With those statements out of the way, let's look at what this proof-of-concept bot does. First, as shown on the README page, you connect to an IRC server and create a chat room/channel. You then install the software onto a PC and run it (it's a Java JAR file), providing the name of the IRC server and channel to which you are connected. You then simply start executing SIP attack commands. If you start up several instances of the bot connecting to the same IRC channel, you can issue commands that are implemented by all your bots.
Simple. Easy. (Scared yet?)
So what does it do? Well, here are the commands:
A limited command set today, but the researchers indicate they will be refining it - and the source code is now out there for anyone to obtain and modify. And for something like a DOS (or DDOS) this could be effective. I only installed one bot on my test network, but I did see that it did generate a large number of packets against a SIP server I have running here. You could see the power of multiplying that.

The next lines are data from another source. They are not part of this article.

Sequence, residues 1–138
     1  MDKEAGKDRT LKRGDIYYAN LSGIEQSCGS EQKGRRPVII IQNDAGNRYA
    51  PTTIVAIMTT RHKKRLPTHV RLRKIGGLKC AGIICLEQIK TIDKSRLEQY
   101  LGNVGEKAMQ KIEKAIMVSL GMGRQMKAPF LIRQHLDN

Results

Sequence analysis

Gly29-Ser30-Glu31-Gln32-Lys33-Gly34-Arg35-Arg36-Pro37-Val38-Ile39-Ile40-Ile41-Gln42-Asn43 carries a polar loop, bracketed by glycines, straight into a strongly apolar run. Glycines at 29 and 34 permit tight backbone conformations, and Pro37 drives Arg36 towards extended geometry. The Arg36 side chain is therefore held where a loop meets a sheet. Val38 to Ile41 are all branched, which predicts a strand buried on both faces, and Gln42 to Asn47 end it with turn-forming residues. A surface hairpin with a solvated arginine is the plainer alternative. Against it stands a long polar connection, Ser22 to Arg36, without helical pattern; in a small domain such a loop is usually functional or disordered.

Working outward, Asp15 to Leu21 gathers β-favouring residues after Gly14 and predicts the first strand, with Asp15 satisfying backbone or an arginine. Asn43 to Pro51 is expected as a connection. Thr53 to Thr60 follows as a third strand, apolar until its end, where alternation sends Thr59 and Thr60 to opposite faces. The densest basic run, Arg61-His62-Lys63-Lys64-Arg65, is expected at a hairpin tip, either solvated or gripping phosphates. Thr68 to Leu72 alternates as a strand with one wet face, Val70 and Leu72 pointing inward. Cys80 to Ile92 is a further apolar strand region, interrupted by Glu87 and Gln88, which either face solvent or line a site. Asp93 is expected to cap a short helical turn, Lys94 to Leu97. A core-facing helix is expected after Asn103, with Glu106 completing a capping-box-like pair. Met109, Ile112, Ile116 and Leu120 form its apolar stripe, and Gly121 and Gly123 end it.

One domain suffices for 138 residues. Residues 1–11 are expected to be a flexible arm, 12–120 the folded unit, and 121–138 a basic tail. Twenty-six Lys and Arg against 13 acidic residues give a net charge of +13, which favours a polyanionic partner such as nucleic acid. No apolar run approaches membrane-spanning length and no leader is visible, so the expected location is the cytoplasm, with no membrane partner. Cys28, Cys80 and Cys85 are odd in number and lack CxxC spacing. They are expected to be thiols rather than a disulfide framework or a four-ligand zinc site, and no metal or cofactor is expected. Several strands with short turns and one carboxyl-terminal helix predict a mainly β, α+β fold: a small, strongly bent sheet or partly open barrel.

So with the genie out of the bottle, what do we as VoIP security professionals do about it?
I'll offer several suggestions (and certainly welcome more as comments to the post):
Going back to my story at the top, YYY might not have had the problems if their SIP server were set to reject all packets that did not originate from their service providers… or if they had required encryption with mutual authentication so that spoofed IP addresses couldn't affect things… or if…
The reality is that there are solutions out there today that will go far in blunting the effect of these type of attacks. We just need to be sure that we are using and improving those solutions… if we don't… well… then we will be cueing up that song!
Other comments or suggestions?
This article has been featured here with kind permission from the Voice over IP Security Alliance (VOIPSA).
By Dan York, Author and Speaker on Internet technologies - and on staff of Internet Society. Dan is employed as a Senior Content Strategist with the Internet Society but opinions posted on CircleID are entirely his own. Visit the blog maintained by Dan York here.